When I was first married I had zero money and a new little family to support. So I did what
we all do. I looked around for a good paying job that could help me get through school.
I’d done construction before and knew it paid well. So I found a brick mason looking for a
hod carrier (or “hoddy”). I didn’t know much about carrying hod, but I thought it would pay the
bills. So I signed up.
My first day wasn’t glamorous. My job consisted of keeping the mason supplied in bricks
and mortar. I did whatever he needed so he could just keep laying bricks. I huffed, I puffed, and
I hustled. He paid me four cents a brick and by the end of the day I had made exactly $16.00.
He apologized to me and said the next day would be better. But by the end of the second day
I had only made another $16.00.
I quickly saw this was going nowhere, so after two and half days I ended my brief career as a
I learned some important lessons from that job (and others like it). My employers didn’t hire
me for my brains. They weren’t looking for me to solve problems or come up with creative
ideas. They didn’t need a new way to do things. Instead, they were only looking for someone to
do the heavy lifting carrying things back and forth – and they took responsibility for all of the
forward planning, all of the evaluations and all of the strategy. They only wanted me for
unthinking muscle. What they really wanted was a machine that moved quickly, kept up, and
quietly did their bidding.
No surprise here, but carrying hod is a completely different world than serving as an
architect. An architect is like the conductor of a symphony. An architect relies on skill, training
and a sense of vision to carefully organize a thousand – maybe ten thousand – different variables
into a single cohesive, successful outcome. Hire a poor architect and you get a poor result. Hire
a great architect and you’ve taken a major step towards a successful project.
What’s the difference? A hod carrier needs no skill or training – only willingness and a
degree of tenacity. But a successful architect needs not only tenacity but a highly developed set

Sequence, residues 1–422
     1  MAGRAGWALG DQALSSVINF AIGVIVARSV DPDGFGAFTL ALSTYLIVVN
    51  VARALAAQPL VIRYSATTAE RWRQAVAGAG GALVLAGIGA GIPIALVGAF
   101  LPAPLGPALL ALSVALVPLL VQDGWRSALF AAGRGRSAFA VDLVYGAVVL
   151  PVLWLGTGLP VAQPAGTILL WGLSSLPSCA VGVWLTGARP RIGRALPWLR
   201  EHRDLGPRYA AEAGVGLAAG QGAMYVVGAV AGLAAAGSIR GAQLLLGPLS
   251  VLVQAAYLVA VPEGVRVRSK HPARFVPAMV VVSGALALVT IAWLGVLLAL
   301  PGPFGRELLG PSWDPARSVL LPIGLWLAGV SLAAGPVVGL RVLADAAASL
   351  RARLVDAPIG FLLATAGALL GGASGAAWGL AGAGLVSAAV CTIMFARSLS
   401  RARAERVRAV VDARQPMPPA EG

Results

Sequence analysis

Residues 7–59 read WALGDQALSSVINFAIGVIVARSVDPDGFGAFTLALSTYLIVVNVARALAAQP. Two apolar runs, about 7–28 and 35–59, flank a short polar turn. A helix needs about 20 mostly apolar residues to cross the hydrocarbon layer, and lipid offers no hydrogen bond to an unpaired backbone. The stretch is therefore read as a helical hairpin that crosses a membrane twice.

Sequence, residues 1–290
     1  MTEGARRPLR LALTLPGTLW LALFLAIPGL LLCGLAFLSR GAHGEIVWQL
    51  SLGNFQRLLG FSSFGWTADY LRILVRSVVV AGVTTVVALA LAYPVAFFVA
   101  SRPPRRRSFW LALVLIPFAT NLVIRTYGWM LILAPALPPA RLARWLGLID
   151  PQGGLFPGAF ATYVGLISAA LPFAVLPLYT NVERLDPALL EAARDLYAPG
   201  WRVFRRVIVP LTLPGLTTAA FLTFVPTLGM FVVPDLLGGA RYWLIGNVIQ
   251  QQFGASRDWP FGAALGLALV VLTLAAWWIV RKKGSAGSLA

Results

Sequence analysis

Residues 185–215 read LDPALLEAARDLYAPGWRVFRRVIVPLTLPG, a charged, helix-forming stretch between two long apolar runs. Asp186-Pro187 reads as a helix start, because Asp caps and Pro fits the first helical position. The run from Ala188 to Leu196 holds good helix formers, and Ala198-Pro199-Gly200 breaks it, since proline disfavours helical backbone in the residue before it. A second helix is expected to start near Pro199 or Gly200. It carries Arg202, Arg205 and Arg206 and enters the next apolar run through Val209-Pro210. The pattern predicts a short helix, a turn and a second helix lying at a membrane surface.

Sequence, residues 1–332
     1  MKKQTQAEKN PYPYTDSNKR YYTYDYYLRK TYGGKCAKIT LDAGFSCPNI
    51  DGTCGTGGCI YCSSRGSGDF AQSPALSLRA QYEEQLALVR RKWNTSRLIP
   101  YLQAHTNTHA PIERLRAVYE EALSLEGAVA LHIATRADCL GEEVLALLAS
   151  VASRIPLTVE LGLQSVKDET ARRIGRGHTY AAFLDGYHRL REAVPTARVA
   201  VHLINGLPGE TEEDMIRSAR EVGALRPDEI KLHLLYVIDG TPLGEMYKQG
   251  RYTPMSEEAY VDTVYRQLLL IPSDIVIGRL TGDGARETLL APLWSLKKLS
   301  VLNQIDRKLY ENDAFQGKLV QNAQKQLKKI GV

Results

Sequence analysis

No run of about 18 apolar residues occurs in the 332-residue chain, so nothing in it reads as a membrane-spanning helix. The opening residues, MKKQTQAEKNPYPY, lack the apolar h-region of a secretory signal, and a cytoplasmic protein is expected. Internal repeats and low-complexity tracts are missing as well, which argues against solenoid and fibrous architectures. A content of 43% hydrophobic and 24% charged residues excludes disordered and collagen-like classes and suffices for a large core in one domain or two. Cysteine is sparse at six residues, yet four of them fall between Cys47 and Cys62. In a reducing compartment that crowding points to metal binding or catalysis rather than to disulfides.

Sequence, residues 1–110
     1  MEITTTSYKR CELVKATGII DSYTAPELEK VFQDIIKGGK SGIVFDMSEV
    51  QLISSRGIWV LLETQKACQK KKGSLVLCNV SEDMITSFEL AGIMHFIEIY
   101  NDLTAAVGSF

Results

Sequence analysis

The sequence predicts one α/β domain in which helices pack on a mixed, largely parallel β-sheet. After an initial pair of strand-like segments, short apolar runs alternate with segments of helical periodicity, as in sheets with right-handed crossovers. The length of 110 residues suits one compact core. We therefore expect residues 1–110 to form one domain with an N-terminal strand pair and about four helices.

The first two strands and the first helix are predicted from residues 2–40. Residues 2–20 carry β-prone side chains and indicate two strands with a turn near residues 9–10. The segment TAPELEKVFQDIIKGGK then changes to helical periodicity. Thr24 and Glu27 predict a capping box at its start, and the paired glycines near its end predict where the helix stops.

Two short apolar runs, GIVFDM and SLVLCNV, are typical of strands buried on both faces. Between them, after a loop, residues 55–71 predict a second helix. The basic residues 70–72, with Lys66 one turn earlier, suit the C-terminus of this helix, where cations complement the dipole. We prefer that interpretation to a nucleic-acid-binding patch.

of skills, training, education and talent.
Some parties seem to want a mediator that primarily presents offers between parties and makes
demands on the other side. To be sure, a good mediator must be able to skillfully present offers.
But frequently there are considerations other than money that might make or break a mediation.
I used to believe that mediations are driven mostly by two main considerations: risk and cost.
But now I know that many – perhaps most – mediations are driven by three factors: risk, cost
and emotion (or principle). Some parties just don’t want to settle if they think the other side is
getting too much – even if they themselves are getting enough. Other parties want respect,
validation or acknowledgment before they are willing to settle.
These “soft” considerations are real, and they can absolutely determine whether or not a mediation fails or succeeds. Discover the parties’ values and views on these “soft” considerations and you may be able to effectively address unspoken considerations that might otherwise derail a mediation.
A perceptive mediator will fully explore all of these “soft” considerations as necessary, and then address them in a way that makes sense in the circumstances. As a practical matter, this sometimes requires a successful mediator to come up with a settlement package that may be different than the Parties expect. Parties and their counsel often disclose their true values or “soft” considerations to a mediator in ways they would never consider disclosing to the other side. This places the mediator in a unique position to be able to craft a tailored resolution that can match the parties’ values. A mediator serving merely as a “hod carrier” in exchanging demands and offers between the parties may never reach this point. But a mediator serving as an “architect” will frequently be able to come up with a solution that may not have been previously considered.
The foregoing article is provided for general information purposes and should not be used in connection with any specific legal matter. Persons with legal issues or matters should consult competent legal counsel.
Robert B. Jacobs is an attorney, mediator and arbitrator in the San Francisco Bay Area. He mediates cases throughout California. Reach him at Bob7@RBJLaw.com.